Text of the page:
“I was crying so much. There was a lady and she was number one that morning, but because I was crying so much, the doctor asked her if she would let me go first –– which meant she was going to have to wait another four to five hours –– and she very kindly let me go first. To this day we are really close friends.”

The operation was a success, but Sandra would have to continue the battle, first adjusting to losing her breast and then grappling with chemotherapy and radiotherapy.

“So you look at yourself a couple days after, and obviously it’s not going to grow back. I think that’s the hardest part; but like everything else, a year later I’ve grown to live with it.

“You lose your hair; you are not well; you have your down days. Say you have chemo on Friday. On Saturday I would clean the house, because I knew Sunday would be my down day when you can only drink ginger tea. I didn’t want anything solid.”

Sandra also ended up having to take a year off from work –– a year in which family and friends were ready and willing to meet her every need. She’s still amazed at the outpouring of support.

After four sessions of chemotherapy and 30 rounds of radiotherapy, the breast cancer survivor is living life to the fullest. Her experience turned her life around.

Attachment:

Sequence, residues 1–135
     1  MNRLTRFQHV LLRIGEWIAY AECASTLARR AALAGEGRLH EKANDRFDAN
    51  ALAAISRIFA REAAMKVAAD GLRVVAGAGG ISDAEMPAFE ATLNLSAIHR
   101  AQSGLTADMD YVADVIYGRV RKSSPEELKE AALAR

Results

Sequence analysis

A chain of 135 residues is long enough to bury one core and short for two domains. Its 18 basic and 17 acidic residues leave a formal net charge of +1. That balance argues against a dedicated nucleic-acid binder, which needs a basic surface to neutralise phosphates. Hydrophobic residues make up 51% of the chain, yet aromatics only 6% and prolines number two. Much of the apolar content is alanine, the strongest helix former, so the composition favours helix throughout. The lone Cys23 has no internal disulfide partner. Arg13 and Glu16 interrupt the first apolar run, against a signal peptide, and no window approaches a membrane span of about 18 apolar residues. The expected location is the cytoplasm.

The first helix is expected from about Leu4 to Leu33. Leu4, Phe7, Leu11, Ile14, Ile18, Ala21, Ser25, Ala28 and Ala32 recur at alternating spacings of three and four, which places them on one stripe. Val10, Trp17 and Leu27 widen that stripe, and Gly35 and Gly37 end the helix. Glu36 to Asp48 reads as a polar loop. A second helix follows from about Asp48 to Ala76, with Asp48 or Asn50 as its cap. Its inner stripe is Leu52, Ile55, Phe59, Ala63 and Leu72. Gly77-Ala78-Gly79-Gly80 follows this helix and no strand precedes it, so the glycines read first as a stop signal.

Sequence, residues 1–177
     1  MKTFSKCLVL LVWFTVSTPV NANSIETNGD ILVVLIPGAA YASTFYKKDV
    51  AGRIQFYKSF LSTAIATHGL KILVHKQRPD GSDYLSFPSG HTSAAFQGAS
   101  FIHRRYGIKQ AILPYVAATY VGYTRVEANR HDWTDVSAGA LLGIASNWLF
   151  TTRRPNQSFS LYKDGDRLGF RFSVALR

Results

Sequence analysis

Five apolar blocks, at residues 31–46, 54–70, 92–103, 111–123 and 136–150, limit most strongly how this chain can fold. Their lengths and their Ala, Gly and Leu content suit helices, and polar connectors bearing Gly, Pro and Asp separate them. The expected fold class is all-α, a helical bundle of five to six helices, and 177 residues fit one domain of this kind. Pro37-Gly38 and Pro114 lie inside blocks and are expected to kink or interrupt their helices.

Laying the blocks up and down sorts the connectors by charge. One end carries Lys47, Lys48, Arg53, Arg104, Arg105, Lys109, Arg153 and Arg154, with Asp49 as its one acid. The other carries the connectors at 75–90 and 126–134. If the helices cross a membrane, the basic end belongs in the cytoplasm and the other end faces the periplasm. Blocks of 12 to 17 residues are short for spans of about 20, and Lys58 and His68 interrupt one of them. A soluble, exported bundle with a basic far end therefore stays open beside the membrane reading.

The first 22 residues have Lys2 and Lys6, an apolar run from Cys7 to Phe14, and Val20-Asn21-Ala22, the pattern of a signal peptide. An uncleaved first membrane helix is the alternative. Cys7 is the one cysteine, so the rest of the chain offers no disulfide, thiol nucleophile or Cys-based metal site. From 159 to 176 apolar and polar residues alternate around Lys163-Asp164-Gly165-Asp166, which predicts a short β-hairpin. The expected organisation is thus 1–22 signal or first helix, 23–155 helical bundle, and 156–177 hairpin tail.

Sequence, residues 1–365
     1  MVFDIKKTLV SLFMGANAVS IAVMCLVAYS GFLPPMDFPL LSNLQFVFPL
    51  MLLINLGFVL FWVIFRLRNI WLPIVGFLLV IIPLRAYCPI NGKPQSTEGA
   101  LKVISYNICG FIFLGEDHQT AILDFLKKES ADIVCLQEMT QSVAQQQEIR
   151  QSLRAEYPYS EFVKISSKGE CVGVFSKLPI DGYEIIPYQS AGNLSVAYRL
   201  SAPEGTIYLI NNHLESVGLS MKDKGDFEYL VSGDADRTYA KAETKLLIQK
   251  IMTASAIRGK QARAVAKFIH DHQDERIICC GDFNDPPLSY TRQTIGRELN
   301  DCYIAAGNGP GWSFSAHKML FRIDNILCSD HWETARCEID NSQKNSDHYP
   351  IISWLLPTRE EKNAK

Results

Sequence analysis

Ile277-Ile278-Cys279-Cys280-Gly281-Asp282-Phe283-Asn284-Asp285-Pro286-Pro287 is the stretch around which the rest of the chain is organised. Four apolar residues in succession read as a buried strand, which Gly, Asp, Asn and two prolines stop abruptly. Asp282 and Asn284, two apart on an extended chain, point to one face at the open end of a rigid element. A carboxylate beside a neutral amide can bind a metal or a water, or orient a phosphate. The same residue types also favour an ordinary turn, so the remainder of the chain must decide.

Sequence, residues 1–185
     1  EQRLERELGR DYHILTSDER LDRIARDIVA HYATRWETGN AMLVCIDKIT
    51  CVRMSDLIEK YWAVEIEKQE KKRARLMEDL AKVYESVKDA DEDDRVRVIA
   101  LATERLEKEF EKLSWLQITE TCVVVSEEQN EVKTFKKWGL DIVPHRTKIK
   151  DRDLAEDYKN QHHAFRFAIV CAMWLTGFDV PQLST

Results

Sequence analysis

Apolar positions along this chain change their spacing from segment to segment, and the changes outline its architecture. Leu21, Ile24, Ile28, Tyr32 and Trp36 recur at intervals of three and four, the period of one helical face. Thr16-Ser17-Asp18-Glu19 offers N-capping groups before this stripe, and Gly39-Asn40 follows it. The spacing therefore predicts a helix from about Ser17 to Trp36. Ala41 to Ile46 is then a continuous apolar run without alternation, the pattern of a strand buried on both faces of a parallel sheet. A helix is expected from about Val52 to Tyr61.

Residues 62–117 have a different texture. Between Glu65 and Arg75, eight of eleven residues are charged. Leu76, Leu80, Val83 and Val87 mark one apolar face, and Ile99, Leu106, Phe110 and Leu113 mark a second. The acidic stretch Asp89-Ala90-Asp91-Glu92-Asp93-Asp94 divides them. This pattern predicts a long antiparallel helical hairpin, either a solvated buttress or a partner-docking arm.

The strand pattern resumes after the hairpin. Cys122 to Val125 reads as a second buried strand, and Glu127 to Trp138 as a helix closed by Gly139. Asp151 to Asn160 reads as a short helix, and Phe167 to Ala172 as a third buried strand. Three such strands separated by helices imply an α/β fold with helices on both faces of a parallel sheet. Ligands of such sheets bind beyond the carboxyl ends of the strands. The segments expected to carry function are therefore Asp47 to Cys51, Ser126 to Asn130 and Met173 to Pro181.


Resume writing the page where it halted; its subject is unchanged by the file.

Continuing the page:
“I’ve learnt to appreciate life. I am a stronger person now. Cancer is not a death sentence. You don’t give up. You never give up. You have to live your life, you just have to get on with it, you have to.

“ Today I am happy; I am always happy. I am happy to be here because every day someone has passed away with cancer. So I’m happy to be here and share my story.”

Sandra shares her optimistic spirit and positive outlook through her work as a member of Victorious Ladies, a group of cancer survivors that have teamed up under Cancer Support Services to encourage and strengthen one another through the journey.

“If you’ve had cancer, you can join Victorious Ladies. If you’ve been diagnosed with cancer, you can join Victorious Ladies. If you’re being treated for cancer, you can join Victorious Ladies. We are all together and we are all fighting the same battle.

“The best tonic for cancer is the Victorious Ladies and Cancer Support Services. They help you. You can’t do it on your own.”

Sandra’s diagnosis also made her realize she had to become a role model for other cancer survivors. She matter-of factly says: “It’s not a curse; it’s a blessing.”

Sandra also wants to remind patients and survivors that there’s always hope, since treatments and technology are improving every day. She stressed that women can empower themselves through education and by conducting regular monthly breast checks.

Currently awaiting the results of a C-scan, Sandra yet works hard to stay positive. And as she continues her journey as a cancer survivor, she offers these words to others like her: “When you’ve got cancer, you’ve got to be outspoken. Don’t hide it, because if you’re hiding it inside of you it’s eating you out. So you need to bring it out . . . .

“If you keep it to yourself, it’s going to kill you. You have to share it!”